• HP 3D High Reusability Polypropylene: This durable material maintains greater flexibility and chemical resistance than the others and is ideal for lightweight and watertight applications.

HP’s materials partners previously included Arkema, BASF, Evonik, Henkel, Lehmann & Voss, and Sinopec Yanshan Petrochemical Company. Along with news of the above materials, HP also added two more partners. Dressler Group will be giving the aforementioned chemical companies access to its toll grinding manufacturing capabilities to enable quicker material development. Berkshire Hathaway’s Lubrizol, a chemical company with thermoplastic polyurethane expertise, has also been added to the group and will be developing materials for final part production with MJF.

According to HP, over 50 chemical companies are “actively engaged” in the Open Materials Platform. The latest are Dow Chemical and DSM, who have purchased the MDK to develop powders for MJF. Evonik and Henkel have also purchased Jet Fusion printers themselves to develop powders for the platform.

HP Aims for Metal AM

At the HP Securities Analyst Meeting 2017 in Palo Alto in October, the company also announced that it was planning to enter the metal AM market, something I’d hypothesized since the launch of MJF at RAPID 2016.

HP’s metal 3D printing plans as outlined at the HP Securities Analyst Meeting 2017. (Image courtesy of HP.)
HP’s metal 3D printing plans as outlined at the HP Securities Analyst Meeting 2017. (Image courtesy of HP.)

President of 3D Printing at HP, Stephen Nigro, relayed at the event, “We have developed a novel 3D metal approach that is built to run a combination of high quality and improved economics [for] 3D-printed metals. Today’s 3D metal industry is focused primarily on specialized, high value, expensive applications. Our invention will transform the 3D metal into a more mainstream, high-volume production.”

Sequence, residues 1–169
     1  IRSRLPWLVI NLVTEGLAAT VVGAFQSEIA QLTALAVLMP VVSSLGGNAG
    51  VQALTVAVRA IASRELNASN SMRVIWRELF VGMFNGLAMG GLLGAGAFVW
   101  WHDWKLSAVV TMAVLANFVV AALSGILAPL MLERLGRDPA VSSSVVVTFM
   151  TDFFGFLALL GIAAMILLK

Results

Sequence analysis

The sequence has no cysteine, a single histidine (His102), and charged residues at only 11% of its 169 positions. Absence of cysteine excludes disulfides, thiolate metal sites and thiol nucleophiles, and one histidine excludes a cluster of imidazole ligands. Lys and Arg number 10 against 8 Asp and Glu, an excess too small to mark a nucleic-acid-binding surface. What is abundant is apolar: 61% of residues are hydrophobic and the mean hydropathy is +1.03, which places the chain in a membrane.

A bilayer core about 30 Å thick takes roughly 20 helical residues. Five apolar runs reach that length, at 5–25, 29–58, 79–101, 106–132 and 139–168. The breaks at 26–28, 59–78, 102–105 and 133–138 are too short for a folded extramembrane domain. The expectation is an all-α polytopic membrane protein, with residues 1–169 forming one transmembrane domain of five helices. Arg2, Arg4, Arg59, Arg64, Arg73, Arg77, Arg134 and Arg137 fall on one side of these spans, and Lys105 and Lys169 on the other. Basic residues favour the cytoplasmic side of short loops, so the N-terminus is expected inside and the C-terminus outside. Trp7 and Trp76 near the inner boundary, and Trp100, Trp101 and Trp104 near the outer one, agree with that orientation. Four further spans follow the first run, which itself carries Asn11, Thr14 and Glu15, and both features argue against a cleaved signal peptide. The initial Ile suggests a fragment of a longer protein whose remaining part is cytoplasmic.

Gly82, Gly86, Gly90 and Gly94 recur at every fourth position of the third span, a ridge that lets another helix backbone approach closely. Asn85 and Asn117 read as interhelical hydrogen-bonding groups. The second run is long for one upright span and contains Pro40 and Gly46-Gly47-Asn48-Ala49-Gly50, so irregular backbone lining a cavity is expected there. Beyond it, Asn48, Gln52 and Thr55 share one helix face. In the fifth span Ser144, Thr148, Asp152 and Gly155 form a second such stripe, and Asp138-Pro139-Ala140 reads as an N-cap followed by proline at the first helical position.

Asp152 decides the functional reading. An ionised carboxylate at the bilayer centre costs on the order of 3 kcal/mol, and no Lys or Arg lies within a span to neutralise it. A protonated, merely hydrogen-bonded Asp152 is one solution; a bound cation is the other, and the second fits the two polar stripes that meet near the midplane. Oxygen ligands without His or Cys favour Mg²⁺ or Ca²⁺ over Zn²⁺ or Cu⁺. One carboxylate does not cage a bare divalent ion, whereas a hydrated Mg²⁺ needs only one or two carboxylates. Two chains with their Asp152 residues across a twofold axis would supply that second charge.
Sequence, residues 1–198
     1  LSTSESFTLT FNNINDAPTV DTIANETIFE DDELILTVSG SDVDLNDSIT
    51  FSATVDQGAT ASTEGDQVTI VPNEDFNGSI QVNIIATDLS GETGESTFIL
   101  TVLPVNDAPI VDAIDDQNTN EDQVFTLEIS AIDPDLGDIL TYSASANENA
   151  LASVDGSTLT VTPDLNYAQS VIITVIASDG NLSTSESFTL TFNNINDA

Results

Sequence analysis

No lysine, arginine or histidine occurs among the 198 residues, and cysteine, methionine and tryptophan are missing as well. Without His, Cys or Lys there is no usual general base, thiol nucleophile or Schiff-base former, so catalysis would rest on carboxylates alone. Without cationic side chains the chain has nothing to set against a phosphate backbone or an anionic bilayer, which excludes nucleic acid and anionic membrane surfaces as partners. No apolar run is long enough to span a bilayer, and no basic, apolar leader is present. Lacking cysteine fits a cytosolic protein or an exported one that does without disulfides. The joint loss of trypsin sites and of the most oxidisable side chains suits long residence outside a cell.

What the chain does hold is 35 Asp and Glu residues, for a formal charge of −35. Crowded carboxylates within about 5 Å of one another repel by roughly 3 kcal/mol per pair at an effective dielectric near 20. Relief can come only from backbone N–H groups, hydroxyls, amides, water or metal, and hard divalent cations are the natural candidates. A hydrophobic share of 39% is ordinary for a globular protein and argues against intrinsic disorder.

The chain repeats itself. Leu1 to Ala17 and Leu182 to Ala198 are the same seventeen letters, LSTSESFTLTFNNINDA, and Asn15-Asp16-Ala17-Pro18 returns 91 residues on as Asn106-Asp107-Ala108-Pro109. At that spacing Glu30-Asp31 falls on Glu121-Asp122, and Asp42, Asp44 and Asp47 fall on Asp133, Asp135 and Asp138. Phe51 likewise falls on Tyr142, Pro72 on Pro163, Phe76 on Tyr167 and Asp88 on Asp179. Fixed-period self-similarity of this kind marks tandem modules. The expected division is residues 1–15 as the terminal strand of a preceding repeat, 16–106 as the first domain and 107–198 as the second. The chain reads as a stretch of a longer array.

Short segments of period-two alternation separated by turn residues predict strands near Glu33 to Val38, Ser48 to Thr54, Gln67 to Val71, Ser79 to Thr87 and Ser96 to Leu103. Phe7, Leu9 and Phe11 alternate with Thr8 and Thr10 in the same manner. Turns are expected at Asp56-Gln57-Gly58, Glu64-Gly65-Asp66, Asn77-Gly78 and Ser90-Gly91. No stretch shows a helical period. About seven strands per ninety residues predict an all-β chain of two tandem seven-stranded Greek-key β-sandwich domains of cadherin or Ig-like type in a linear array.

The MJF platform had already been modified so that it could produce ceramic components, which likely involves binding the ceramic powder together before this completed green part is sintered in an oven. Metal, then, would require a similar approach, with the ceramic swapped out for metal.

This Metal Injection Molding-style technique has already been implemented with Desktop Metal’s technology, possibly putting the startup in direct competition with HP. We’ll know more next year when HP will officially announce the platform and its business plan for metal AM.

Also at the event, Nigro said that HP will be releasing its full-color MJF platform next year. This will give MJF a serious leg up on SLS, which requires either dying printed parts or printing in monocolor plastics. Combined with the productivity of MJF, full-color 3D printing will make it possible for the technology to compete with injection molding even further.

“MJF will be the one and only 3D printing technology in the industry that can make mechanical and robust functional full-color parts,” Nigro explained.“We plan to combine this color capability with a new, lower price position. The lower price position will open up new markets to HP, making it easier for designers and creators to access the technology. Being able to prototype with the same technology as full-scale production, which will change the end-to-end design process and accelerate the adoption of 3D printing.”

In an industry filled with hype, I’m reluctant to say that both of these announcements may have a profound impact on how the 3D printing industry evolves and may shake up the $12 trillion manufacturing industry, as HP claims it will.